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Integration by parts




Integration by Parts

If u and v are any two differentiable functions of a single variable x (say). Then, by
the product rule of differentiation, we have
$\frac {d}{dx} uv = u \frac {dv}{dx} + v \frac {du}{dx}$
Integrating both sides
$uv = \int u \frac {dv}{dx} + \int v \frac {dv}{dx}$
or
$\int u \frac {dv}{dx}= uv - \int v \frac {dv}{dx}$
if u =f(x) and $\frac {dv}{dx} = g(x)$
then
$\int f(x) g(x) = f(x)  (\int g(x) dx )- \int \left \{ \frac {df(x)}{dx} \int g(x) dx \right \}dx$
The above formula is very useful formula in doing the integrals
We can decide first function using the word ILATE
I -> Inverse trigonometric functions
L -> Logarithmic functions
A-> Algebraic functions
T -> trigonometric functions
E -> Exponential functions

Solved Examples

Example 1
\[ \int x \cos(x) \, dx \]
Solution
Choose:
\[ f(x) = x \]
\[ g(x) = \cos(x) \]
Using the formula:
\[ \int x \cos(x) \, dx = x\sin(x) - \int \sin(x) \, dx \]
\[ = x\sin(x) + \cos(x) + C \]

Example 2
\[ \int x^2 \ln(x) \, dx \]
Solution
Choose:
\[ f(x) = \ln(x) \]
\[ g(x) = x^2 \]
Using the formula:
\[ \int x^2 \ln(x) \, dx = \frac{1}{3}x^3 \ln(x) - \int \frac{1}{3}x^3 \cdot \frac{1}{x} \, dx \]
\[ = \frac{1}{3}x^3 \ln(x) - \frac{1}{3} \int x^2 \, dx \]
\[ = \frac{1}{3}x^3 \ln(x) - \frac{1}{9}x^3 + C \]

Example 3
\[ \int e^x \sin(x) \, dx \]
Solution
This is a unique example where applying integration by parts twice gets us back to our original integral. Let's see how:
Choose:
\[ f(x) = e^x \]
\[ g(x) = \sin(x) \]
Using the formula:
\[ \int e^x \sin(x) \, dx = -e^x\cos(x) - \int (-e^x\cos(x)) \, dx \]
Now, integrate \( -e^x\cos(x) \) using integration by parts again:
Choose:
\[ f(x) = e^x \]
\[ g(x) = \cos(x) \]
This gives:
\[ \int e^x \cos(x) \, dx = e^x\sin(x) - \int e^x \sin(x) \, dx \]

Substituting this result back into our original equation, we can solve for the integral. The final result is:
\[ \int e^x \sin(x) \, dx = \frac{e^x (\sin(x) - \cos(x))}{2} + C \]

Special Integrals based on Integration by Parts

A. $\int e^x{ f(x) + f^{'} (x) } dx =  e^x f(x)  + C$
Proof
$\int e^x{ f(x) + f^{'} (x) } dx= \int e^x f(x) dx + \int e^x f^{'} (x) dx$
Now lets calculate $\int e^x f(x) dx$ using integration by parts by taking f(x) and $e^x$ as the first function and second function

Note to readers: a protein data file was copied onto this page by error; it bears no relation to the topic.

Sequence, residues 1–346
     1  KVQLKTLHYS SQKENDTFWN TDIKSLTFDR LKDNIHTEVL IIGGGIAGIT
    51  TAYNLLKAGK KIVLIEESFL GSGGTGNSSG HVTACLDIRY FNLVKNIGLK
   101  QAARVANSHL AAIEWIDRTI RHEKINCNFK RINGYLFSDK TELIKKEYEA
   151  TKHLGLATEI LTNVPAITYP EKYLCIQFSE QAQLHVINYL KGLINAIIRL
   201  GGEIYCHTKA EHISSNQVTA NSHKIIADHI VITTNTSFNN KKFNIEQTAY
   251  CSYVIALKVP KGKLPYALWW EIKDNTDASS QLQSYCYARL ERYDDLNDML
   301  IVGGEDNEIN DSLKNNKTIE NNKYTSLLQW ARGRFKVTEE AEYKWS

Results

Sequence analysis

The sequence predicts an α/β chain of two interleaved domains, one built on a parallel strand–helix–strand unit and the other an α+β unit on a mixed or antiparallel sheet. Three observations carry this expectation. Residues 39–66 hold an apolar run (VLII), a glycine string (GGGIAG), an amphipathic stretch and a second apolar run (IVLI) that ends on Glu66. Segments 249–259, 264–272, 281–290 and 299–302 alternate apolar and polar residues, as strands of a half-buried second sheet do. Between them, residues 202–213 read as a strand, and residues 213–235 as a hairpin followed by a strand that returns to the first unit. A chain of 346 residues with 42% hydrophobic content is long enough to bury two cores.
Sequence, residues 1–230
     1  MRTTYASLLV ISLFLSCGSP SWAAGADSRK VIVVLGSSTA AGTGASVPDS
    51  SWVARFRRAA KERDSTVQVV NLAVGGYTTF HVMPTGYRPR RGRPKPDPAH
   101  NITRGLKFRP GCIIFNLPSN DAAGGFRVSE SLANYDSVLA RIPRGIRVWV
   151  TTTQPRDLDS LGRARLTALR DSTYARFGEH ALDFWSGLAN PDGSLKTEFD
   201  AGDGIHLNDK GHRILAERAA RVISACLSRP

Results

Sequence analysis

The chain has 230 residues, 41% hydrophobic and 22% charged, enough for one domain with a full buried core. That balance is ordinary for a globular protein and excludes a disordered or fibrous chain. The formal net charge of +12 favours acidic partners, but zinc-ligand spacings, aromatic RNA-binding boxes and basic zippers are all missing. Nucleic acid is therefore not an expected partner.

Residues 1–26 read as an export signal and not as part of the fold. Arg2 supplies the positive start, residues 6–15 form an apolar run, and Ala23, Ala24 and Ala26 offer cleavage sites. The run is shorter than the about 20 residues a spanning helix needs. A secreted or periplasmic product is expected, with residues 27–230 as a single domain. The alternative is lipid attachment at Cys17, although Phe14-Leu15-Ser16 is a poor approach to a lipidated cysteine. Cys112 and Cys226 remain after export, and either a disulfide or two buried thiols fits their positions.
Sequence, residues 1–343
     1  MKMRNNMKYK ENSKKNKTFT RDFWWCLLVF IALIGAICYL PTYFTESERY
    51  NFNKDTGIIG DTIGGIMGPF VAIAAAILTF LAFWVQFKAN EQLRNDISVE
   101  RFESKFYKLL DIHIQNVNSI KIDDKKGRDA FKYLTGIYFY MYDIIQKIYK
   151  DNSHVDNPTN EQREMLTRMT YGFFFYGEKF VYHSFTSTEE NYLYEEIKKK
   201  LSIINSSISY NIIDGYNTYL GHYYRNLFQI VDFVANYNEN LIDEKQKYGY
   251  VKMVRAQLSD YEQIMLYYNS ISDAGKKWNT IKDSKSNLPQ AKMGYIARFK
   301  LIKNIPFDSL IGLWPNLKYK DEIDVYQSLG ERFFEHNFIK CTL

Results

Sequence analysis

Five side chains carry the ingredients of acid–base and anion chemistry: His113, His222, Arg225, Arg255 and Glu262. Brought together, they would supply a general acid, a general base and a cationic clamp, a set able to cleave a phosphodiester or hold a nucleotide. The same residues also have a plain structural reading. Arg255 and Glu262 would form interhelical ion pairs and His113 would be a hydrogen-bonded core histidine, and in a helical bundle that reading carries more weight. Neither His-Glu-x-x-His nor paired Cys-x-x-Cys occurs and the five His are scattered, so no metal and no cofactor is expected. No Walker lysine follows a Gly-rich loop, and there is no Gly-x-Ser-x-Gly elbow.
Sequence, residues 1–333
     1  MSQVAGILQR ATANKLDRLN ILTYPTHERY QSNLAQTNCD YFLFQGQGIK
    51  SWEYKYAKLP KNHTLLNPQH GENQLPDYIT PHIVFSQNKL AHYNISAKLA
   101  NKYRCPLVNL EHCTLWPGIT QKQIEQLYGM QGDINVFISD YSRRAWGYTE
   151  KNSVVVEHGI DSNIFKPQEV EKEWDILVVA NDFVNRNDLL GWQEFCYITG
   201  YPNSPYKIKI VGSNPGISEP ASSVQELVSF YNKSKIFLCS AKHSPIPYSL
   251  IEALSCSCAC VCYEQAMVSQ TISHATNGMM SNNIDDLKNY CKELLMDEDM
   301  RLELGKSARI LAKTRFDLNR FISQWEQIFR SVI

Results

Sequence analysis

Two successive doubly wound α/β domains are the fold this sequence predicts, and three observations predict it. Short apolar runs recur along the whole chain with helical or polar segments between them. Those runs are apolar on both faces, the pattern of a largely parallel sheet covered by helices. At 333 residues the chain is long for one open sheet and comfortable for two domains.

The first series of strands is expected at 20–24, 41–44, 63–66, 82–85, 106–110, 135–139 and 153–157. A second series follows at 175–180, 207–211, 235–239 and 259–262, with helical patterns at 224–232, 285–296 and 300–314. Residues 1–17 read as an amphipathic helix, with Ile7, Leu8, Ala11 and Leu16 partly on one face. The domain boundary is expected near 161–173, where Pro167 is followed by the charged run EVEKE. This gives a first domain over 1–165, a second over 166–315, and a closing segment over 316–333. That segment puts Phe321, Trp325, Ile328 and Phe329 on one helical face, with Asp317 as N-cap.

$\int e^x f(x) dx = f(x) e^x - \int e^x f^{'} (x) dx$
Substituting in Above we get
$\int e^x{ f(x) + f^{'} (x) } dx=f(x) e^x - \int e^x f^{'} (x) dx + \int e^x f^{'} (x) dx=e^x f(x)  + C $

B. $ \int \sqrt {a^2 - x^2} dx = \frac {1}{2} x \sqrt {a^2 - x^2} + \frac {1}{2} a^2 \sin^{-1} \frac {x}{a} + C$
$ \int \sqrt {a^2 + x^2} dx = \frac {1}{2} x \sqrt {a^2 + x^2} + \frac {1}{2} a^2  ln |x +\sqrt {a^2 + x^2}|  + C$
$ \int \sqrt {x^2 -a ^2} dx = \frac {1}{2} x \sqrt {x^2 - a^2} - \frac {1}{2} a^2  ln |x +\sqrt {x^2 - a^2}|  + C$
We can derive these formula either by trigonometric substitution or integration by parts
The above formula can be to use to integrate the below type of function
$ \int \sqrt {ax^2 + bx + c} dx$
We can convert $ax^2 + bx + c$ into above using square method

Solved examples

Example 1
\[ \int \sqrt {x^2 - 1} \, dx \]
Solution
we can use the below formula here with a =1
$ \int \sqrt {x^2 -a^2} dx = \frac {1}{2} x \sqrt {x^2 - a^2} - \frac {1}{2} a^2  ln |x +\sqrt {x^2 - a^2}|  + C$
Therefore
$ \int \sqrt {x^2 - 1} \, dx = \frac {1}{2} x \sqrt {x^2 - 1} - \frac {1}{2}   ln |x +\sqrt {x^2 - 1}|  + C$

Example 2
\[ \int \sqrt { 4 -x^2} \, dx \]
Solution
We can use the below formula here with a=2
$ \int \sqrt {a^2 - x^2} dx = \frac {1}{2} x \sqrt {a^2 - x^2} + \frac {1}{2} a^2 \sin^{-1} \frac {x}{a} + C$
Therefore
$\int \sqrt { 4 -x^2} \, dx=\frac {1}{2} x \sqrt {4 - x^2} + 2 \sin^{-1} \frac {x}{2} + C$

Example 3
\[ \int \sqrt { 3 -2x-x^2} \, dx \]
Solution
The above integral can be written as
\[ \int \sqrt { 3 -2x-x^2} \, dx \]
=\[ \int \sqrt {4 -(x+1)^2} \, dx \]
Now y=x+1
dy=dx
Therefore
$=\int \sqrt {4 -y^2} \, dy$
No wee can use the below formula here with a=2
$ \int \sqrt {a^2 - x^2} dx = \frac {1}{2} x \sqrt {a^2 - x^2} + \frac {1}{2} a^2 \sin^{-1} \frac {x}{a} + C$
So
$=\frac {1}{2} y \sqrt {4 - y^2} + 2 \sin^{-1} \frac {y}{2} + C$

Substituting back the value
$=\frac {1}{2} (x+1) \sqrt { 3 -2x-x^2} + 2 \sin^{-1} \frac {x+1}{2} + C$


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